In this fragment, the app and tests services require a database service (postgres in our case) and a data store service (redis in our case). When using docker-compose, you can specify the name of the service to run only it: docker-compose run app. This command will launch postgres container (with PostgreSQL service in it) and redis container (with Redis service), and after it the app service. In large projects, such features may come in handy. This functionality is useful when different developers need different parts of the system. For example, the frontend specialist who works on the landing page does not need the entire project, just the landing page itself is enough.

Unnecessary logs in>/dev/null

Some programs generate too many logs. This information is in most cases useless and only distracting. In our demo repository, we turned off MongoDB logs by setting the log driver to none:

Multiple docker-compose files

After running the docker-compose up command, it by default searches for the docker-compose.yml file in the current directory. In some cases, you may need multiple docker-compose.yml files. To include another configuration file, the --file argument can be used:

docker-compose --file docker-compose-tests.yml up

So why do we need multiple configuration files? First of all, to split a composite project into several subprojects. I am glad that services from different compose files can still be connected. For example, you can put infrastructure-related containers (databases, queues, etc.) in one docker-compose file, and application-related containers in another.


We use docker-compose to run all our tests inside self-hosted drone.io. And we use various types of testing like unit, integrational, ui, linting. A separate set of tests has been developed for each service. For example, integration and UI tests golang workers. Initially, it was thought that it was better to run tests every time the main compose file was run, but it soon became clear that it was time consuming. In some cases, you need to be able to run specific tests. A separate compose files was created for this:

Our docker-compose file does not depend on the entire project, in this case, when this file is launched, a test database is created, migration is carried out, test data is written to the database, and after that, the tests of our worker are launched.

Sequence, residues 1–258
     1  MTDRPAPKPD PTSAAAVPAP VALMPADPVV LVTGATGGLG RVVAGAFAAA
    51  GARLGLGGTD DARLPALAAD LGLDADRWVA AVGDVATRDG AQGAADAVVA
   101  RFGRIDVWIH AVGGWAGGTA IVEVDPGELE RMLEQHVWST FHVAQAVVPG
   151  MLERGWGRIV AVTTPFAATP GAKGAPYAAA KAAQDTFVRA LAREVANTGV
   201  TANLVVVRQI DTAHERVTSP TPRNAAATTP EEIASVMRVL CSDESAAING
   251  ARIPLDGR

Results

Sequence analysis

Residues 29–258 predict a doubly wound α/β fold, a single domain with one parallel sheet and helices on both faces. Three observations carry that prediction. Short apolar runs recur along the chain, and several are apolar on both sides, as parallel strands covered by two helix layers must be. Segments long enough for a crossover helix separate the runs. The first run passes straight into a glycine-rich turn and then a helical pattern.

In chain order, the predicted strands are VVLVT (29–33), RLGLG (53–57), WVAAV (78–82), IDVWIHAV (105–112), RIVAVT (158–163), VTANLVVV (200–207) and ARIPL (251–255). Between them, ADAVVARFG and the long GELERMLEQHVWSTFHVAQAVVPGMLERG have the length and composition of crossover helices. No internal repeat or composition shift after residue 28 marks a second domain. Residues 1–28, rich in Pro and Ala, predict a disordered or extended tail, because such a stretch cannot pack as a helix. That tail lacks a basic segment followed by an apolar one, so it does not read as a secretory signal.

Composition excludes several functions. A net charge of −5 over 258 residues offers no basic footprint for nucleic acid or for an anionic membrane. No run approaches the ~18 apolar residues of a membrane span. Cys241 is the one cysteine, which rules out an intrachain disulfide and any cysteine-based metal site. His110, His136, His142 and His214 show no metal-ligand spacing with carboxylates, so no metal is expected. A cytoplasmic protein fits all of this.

The entire list of commands is recorded in the script file tests.sh.

The Main Docker's Delicacies


It might seem that Dockerfile is a good old Chef-config, but in a new way. And here it is, from the server configuration in it there is only one line left this is the name of the base image of the operating system. The rest is part of the application architecture. And this should be taken as a declaration of the API and the dependencies of a service, not a server. This part is written by the programmer designing the application along the way in a natural way right in the development process. This approach provides not only amazing configuration flexibility, but also avoids the damaged phone between the developer and the administrator.

Puffed images

The images in docker are not monolithic, but consist of copy-on-write layers. This allows you to reuse the base read only image files in all containers for free, launch the container without copying the image file system, make readonly containers, and also cache different stages of the image assembly. Very similar to git commits if you are familiar with its architecture.

Docker in Docker

Ability to allow one container to manage other containers. Thus, it turns out that nothing will be installed on the host machine except Docker. There are two ways to reach this state. First way is to use Docker official image “docker” ( previously “Docker-in-Docker” or dind) with -privileged flag. Second one is more lightweight and deft - link docker binaries folder into container. It is done like this:

docker run -v /var/run/docker.sock:/var/run/docker.sock \

-v $(which docker):/bin/docker \

-ti ubuntu

But this is not a real hierarchical docker-in-docker, but a flat but stable option.


Docker is an open platform for developing, shipping, and running applications. Docker enables you to separate your applications from your infrastructure so you can deliver software quickly. With Docker, you can manage your infrastructure in the same ways you manage your applications. By taking advantage of Docker’s methodologies for shipping, testing, and deploying code quickly, you can significantly reduce the delay between writing code and running it in production.

You just don’t have to waste time setting up everything locally on the developer's machine. We no longer have versions of nightmare and the like, and launching a new project takes not days, but only 15 minutes. The developer no longer needs an administrator, we have the same image everywhere, the same environment everywhere, and this is incredibly cool!

In our next articles, we will encounter Docked more than once, so follow us on this blog and social networks.